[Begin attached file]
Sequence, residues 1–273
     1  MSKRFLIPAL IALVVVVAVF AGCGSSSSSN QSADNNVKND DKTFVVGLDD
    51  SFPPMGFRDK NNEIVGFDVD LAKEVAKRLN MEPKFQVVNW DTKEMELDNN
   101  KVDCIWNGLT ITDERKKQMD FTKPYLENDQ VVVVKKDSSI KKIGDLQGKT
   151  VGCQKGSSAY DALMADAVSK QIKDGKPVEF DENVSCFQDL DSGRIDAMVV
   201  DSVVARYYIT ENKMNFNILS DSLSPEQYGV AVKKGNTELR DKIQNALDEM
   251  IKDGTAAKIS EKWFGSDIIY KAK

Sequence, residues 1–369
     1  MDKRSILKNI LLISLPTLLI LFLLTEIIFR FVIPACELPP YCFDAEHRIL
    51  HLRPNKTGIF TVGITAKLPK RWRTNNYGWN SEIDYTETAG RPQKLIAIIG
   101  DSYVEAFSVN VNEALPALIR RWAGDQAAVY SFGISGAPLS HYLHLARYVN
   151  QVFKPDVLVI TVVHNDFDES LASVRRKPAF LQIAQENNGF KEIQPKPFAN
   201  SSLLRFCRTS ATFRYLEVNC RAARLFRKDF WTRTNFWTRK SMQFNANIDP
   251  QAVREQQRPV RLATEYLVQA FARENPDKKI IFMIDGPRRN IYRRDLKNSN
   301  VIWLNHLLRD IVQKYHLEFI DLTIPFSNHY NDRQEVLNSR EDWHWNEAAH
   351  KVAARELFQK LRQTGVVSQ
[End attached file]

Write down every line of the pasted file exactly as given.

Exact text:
Sequence, residues 1–273
     1  MSKRFLIPAL IALVVVVAVF AGCGSSSSSN QSADNNVKND DKTFVVGLDD
    51  SFPPMGFRDK NNEIVGFDVD LAKEVAKRLN MEPKFQVVNW DTKEMELDNN
   101  KVDCIWNGLT ITDERKKQMD FTKPYLENDQ VVVVKKDSSI KKIGDLQGKT
   151  VGCQKGSSAY DALMADAVSK QIKDGKPVEF DENVSCFQDL DSGRIDAMVV
   201  DSVVARYYIT ENKMNFNILS DSLSPEQYGV AVKKGNTELR DKIQNALDEM
   251  IKDGTAAKIS EKWFGSDIIY KAK

Sequence, residues 1–369
     1  MDKRSILKNI LLISLPTLLI LFLLTEIIFR FVIPACELPP YCFDAEHRIL
    51  HLRPNKTGIF TVGITAKLPK RWRTNNYGWN SEIDYTETAG RPQKLIAIIG
   101  DSYVEAFSVN VNEALPALIR RWAGDQAAVY SFGISGAPLS HYLHLARYVN
   151  QVFKPDVLVI TVVHNDFDES LASVRRKPAF LQIAQENNGF KEIQPKPFAN
   201  SSLLRFCRTS ATFRYLEVNC RAARLFRKDF WTRTNFWTRK SMQFNANIDP
   251  QAVREQQRPV RLATEYLVQA FARENPDKKI IFMIDGPRRN IYRRDLKNSN
   301  VIWLNHLLRD IVQKYHLEFI DLTIPFSNHY NDRQEVLNSR EDWHWNEAAH
   351  KVAARELFQK LRQTGVVSQ